What is a Green Card?
Foreign nationals who become “permanent residents” are given cards called “Alien Registration Receipt Cards,” otherwise known as “green cards.” Green cards give you the right to work and permanently reside in the United States. Foreign nationals who may be eligible to obtain a green card include:
- Immediate family members of U.S. citizens or other permanent U.S. residents
- Refugees and asylees
- Individuals with job offers for positions in demand by U.S. employers
- Educated professionals
- Lottery winners in the U.S. government's diversity visa program
The processes for obtaining green cards vary. If you are not in the United States, you will begin the process by applying for an immigrant visa at a U.S. consulate in your home country. If you currently reside in the U.S., you will seek an “adjustment of status” through the Bureau of Citizenship and Immigration Services (the U.S. government agency which took over responsibility for adjustment of status applications from the former Immigration and Naturalization Service). Individuals who are issued green cards will eventually be able to apply for U.S. citizenship, a process called “naturalization.”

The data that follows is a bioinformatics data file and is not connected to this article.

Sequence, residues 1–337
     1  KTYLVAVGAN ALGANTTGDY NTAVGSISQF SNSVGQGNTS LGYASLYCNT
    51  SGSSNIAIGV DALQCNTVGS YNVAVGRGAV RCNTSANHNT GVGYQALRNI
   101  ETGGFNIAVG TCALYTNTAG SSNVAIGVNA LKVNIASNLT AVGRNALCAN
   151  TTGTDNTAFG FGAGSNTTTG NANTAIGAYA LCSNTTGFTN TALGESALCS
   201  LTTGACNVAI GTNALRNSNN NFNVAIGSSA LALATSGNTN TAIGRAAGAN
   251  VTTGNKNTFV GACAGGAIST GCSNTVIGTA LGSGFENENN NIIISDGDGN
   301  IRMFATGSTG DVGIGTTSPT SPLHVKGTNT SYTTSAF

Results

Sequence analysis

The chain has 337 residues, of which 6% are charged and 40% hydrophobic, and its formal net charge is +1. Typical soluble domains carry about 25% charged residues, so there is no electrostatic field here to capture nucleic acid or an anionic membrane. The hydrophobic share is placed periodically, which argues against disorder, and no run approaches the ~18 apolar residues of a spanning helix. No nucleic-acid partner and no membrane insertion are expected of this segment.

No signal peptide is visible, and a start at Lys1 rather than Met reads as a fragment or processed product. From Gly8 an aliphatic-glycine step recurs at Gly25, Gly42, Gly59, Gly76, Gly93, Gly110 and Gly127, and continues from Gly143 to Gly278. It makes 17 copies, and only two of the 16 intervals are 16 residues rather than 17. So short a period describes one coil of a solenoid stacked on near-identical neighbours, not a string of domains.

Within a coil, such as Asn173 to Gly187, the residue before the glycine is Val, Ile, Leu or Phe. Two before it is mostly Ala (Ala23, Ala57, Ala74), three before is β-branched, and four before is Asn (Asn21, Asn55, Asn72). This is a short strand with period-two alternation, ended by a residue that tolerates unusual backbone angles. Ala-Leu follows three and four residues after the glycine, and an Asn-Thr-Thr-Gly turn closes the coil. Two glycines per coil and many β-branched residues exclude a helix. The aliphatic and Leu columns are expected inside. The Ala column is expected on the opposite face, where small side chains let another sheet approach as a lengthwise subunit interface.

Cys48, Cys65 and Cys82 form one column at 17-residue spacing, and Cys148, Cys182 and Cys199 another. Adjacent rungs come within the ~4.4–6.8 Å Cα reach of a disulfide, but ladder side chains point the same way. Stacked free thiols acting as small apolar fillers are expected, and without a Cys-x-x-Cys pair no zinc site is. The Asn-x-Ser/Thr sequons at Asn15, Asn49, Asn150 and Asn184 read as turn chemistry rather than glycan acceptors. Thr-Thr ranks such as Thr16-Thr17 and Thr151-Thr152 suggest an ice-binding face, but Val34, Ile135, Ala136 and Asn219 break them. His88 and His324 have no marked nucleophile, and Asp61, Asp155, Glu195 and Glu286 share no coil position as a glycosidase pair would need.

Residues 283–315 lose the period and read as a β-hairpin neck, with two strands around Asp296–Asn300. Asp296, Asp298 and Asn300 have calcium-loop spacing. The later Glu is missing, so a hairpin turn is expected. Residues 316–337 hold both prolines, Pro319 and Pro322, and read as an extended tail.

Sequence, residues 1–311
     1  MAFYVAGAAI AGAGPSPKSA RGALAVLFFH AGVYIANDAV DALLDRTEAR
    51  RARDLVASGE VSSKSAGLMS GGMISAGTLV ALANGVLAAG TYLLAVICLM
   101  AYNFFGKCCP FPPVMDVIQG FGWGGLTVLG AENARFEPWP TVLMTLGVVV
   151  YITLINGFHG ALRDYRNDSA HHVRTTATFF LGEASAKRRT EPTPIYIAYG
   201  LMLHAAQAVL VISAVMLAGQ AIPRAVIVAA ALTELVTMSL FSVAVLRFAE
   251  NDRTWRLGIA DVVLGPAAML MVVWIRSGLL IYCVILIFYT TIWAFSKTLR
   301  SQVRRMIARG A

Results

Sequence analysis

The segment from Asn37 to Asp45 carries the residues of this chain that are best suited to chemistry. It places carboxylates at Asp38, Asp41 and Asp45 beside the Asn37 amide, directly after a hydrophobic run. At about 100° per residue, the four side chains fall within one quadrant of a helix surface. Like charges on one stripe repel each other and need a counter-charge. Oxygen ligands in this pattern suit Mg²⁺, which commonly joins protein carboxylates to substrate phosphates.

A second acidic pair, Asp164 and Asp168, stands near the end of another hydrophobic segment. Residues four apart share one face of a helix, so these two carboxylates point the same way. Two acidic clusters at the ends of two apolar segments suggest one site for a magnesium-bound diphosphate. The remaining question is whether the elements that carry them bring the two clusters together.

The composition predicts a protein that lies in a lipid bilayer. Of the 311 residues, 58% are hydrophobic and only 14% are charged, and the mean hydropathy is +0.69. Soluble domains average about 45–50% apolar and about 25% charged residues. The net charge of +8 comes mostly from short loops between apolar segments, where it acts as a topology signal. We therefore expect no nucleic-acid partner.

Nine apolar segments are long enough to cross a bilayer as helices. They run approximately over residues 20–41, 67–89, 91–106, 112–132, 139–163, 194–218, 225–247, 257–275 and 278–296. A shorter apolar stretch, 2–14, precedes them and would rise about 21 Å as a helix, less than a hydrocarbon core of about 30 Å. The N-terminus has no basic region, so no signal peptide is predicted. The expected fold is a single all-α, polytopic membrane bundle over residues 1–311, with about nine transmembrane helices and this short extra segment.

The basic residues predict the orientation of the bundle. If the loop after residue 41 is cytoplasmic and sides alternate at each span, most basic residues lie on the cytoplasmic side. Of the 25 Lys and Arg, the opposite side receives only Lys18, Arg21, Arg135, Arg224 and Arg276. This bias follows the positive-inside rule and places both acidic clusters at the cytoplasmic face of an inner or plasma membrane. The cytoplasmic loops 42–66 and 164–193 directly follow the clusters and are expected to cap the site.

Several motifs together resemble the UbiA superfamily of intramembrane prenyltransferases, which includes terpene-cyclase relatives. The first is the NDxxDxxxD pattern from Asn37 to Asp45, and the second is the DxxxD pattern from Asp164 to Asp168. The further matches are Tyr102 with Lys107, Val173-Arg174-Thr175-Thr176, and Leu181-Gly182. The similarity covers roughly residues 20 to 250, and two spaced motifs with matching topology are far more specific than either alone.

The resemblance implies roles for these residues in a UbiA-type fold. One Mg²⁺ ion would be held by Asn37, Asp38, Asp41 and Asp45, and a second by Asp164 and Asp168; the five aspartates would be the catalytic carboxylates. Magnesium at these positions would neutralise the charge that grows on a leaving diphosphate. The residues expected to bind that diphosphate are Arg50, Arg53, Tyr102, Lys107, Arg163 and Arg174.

Interestingly, green cards are no longer green; they are now high-tech and hard-to-forge cards with embedded identifiers and magnetic strip technology.